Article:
by Jack E Nelson
A number of years ago my wife and I visited an aunt and uncle of mine living in a retirement community in southern California. They mentioned to us that they had a neighbor who was 104 years old, and she had recently completed writing a memoir. Being someone with an avid interest in memoir writing, my interest was piqued. I wanted to meet this person.
We accompanied my aunt and uncle to a small church gathering the following evening and, as we entered, they pointed Marion Higgins out to me. She had obviously arrived early and was sitting in a chair near the front of the meeting hall by herself. I would have guessed she was in her early eighties, looking a bit old but clearly still active and capable of getting around. She seemed alert, keenly aware of what was going on.
I didn't wait for a formal introduction, wanting to get some words in before the church service began. I made my way between the rows of chairs to the empty seat beside her and sat down, then suddenly felt at loss of what to say. I'd never spoken with a centenarian before.
She was looking me over, like she knew my type, when I finally just said what first came to my mind. "I hear that you are 104 years old."
Her eyes focused on me with a stern look and, for a long moment, she didn't respond. I started getting nervous. Had I rushed into this too quickly? Was that a stupid thing to say?
When she spoke, her voice was rather harsh. "Young man, in my generation it is considered impertinent to ask a woman her age."
The little twinkle in her eyes that followed let me know she wasn't offended. She just had a great sense of humor, of the "I-got-cha" variety. There was more to her than her age, she was telling me. And when I followed up with questions about her memoir, her eyes lit up and began to dance. We agreed to meet later.
The following afternoon we met in her apartment and she gave me a copy of her book. I loved the title: Ripples on a Quiet Stream. Here was the story of her life.
Knowing how there are many other people who would like to record their life stories but never seem to be able to put pen to paper long enough to get the job done, I queried her on how she had approached the writing task, what it had taken to put it all together.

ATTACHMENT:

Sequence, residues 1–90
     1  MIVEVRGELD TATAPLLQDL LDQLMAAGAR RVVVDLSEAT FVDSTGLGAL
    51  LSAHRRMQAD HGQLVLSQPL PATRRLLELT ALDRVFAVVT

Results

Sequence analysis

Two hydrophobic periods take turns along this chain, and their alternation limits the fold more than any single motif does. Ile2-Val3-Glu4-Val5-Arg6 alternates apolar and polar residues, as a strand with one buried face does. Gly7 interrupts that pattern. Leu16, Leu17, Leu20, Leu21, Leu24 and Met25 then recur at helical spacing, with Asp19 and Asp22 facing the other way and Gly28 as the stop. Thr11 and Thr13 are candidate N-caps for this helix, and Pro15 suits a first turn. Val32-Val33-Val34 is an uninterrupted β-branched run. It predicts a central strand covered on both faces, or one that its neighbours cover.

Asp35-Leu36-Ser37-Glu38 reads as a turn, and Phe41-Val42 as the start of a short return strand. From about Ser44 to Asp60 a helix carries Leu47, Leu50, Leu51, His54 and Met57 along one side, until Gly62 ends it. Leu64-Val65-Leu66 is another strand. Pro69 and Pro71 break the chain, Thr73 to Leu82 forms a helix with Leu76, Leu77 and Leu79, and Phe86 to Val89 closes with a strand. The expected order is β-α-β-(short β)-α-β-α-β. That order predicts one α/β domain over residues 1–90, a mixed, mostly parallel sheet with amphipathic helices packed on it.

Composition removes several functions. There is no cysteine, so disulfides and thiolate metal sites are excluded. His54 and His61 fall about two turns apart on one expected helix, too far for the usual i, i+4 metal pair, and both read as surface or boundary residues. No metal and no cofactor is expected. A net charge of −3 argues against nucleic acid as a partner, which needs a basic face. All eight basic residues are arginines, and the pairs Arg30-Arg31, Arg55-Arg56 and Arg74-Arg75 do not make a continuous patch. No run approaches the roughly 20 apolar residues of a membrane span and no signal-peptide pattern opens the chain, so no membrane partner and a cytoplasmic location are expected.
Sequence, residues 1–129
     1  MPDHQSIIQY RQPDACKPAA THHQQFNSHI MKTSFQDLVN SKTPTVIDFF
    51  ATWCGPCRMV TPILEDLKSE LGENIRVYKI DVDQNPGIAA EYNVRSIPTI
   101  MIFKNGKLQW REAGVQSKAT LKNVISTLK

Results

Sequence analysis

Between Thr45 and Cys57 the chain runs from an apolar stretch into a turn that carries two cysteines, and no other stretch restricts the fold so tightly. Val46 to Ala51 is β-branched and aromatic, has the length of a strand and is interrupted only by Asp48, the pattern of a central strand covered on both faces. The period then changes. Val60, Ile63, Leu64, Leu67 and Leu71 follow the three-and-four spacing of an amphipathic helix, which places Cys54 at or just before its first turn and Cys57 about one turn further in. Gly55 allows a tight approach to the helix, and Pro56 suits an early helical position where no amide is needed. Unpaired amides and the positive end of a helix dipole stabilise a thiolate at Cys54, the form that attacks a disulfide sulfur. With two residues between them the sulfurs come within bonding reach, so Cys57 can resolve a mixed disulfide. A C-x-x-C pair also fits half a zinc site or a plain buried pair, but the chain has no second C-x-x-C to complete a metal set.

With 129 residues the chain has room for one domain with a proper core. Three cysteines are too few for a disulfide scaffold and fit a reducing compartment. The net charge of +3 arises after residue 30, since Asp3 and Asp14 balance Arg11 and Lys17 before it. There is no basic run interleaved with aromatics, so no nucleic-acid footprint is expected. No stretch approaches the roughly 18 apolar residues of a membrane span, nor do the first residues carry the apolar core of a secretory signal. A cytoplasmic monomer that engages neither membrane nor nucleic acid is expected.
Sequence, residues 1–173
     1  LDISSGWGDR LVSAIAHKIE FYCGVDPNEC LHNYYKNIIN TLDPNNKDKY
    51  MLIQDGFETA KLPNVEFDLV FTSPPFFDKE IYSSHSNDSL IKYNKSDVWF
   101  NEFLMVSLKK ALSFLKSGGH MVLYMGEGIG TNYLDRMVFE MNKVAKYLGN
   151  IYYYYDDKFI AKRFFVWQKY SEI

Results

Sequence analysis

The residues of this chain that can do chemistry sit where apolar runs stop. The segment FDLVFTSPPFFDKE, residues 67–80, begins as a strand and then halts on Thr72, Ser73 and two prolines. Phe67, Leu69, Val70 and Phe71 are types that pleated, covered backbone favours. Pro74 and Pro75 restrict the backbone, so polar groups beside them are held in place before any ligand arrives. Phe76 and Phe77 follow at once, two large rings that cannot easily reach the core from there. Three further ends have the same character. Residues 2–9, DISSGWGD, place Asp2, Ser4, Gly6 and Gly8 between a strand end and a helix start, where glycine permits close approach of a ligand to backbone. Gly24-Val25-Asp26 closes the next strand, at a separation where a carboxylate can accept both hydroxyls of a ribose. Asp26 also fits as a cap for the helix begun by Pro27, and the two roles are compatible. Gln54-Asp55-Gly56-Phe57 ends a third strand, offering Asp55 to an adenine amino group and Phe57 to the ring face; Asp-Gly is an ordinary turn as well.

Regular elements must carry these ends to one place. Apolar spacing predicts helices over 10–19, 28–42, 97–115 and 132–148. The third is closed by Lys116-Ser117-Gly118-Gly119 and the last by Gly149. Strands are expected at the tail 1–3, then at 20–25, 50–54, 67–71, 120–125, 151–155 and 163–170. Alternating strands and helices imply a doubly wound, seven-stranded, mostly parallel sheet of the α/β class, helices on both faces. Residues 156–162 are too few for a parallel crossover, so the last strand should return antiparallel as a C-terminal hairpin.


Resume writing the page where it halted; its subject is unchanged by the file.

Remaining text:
She related how the writing part was really a delightful experience. Someone in the retirement community had organized a writing group that met every other week. General writing strategies were discussed in the first meeting and those present contributed to a list of possible writing topics. They were told not to start from when and where they were born and work through their lives chronologically, but to think of fondest memories, crucial turning points, most meaningful relationships, favorite places. Other topics were added: first day of school and early school experience; memories of parents; fun times with brothers and sisters; how you met your spouse; etc.
If a job seems too big to accomplish, then break it down into tiny pieces and do one piece at a time. They were instructed to write about each topic as though it was an independent vignette, a micro-drama in one's larger life story. These brief vignettes were shared with others in the writing group every time the group met. The members grew to be a tight-knit little community, sharing intimate details of their lives and exchanging comments on what each had written.
This process went on for over a year. After each meeting there was more homework to do, another story from her life to be selected and composed in writing. The focus was on telling stories, not listing experiences in a chronological sequence or analyzing at length what had happened. Capturing the significance of an event, the influence of a role model, or the atmosphere of a place in two to three pages of writing was the goal for each assignment. Having an audience waiting to hear the next episode helped keep her attuned to making it interesting. Her lively sense of humor came in handy as well.
After a year and a half, Marion had a binder full of life stories and she wasn't quite sure where to go from there. Like she was telling me a little secret, she confessed she had some assistance at that point. There were a couple of helpful people who typed the material up for her. Then she appreciated their editorial assistance. Sometimes it is easier for someone else to see a common theme running through all the different installments. What she had was a collection of well crafted blocks for a quilt. How best to fit them all together took a little help. The result was like a gestalt taking shape, the many facets of a well-rounded life emerging as a whole.
With further help from her editors, photos were added and a local print shop put it all together into a paperback book. Self-publishing is a lot easier now days than it used to be.
In listening to her tell me about her writing experience, what was most notable was how proud she was of the final product. This wasn't just a little book she had written; this was her life, the stories of her adventures, her loves, her sufferings, the lessons she had learned.
I asked her for one more piece of advice, something I should tell others who want to put together the stories of their lives. She thought briefly before answering. "Tell them not to do like I did. Tell them not to wait until they are a hundred years old before starting."
In July of 2004, I was in touch again with my aunt and uncle. They informed me Marion turned 111 the month before - now the oldest Californian - and is doing well, though she has lost much of her eyesight. People continue to inquire about getting one of her books. She always keeps a couple of copies handy and has sold over 800 of them.
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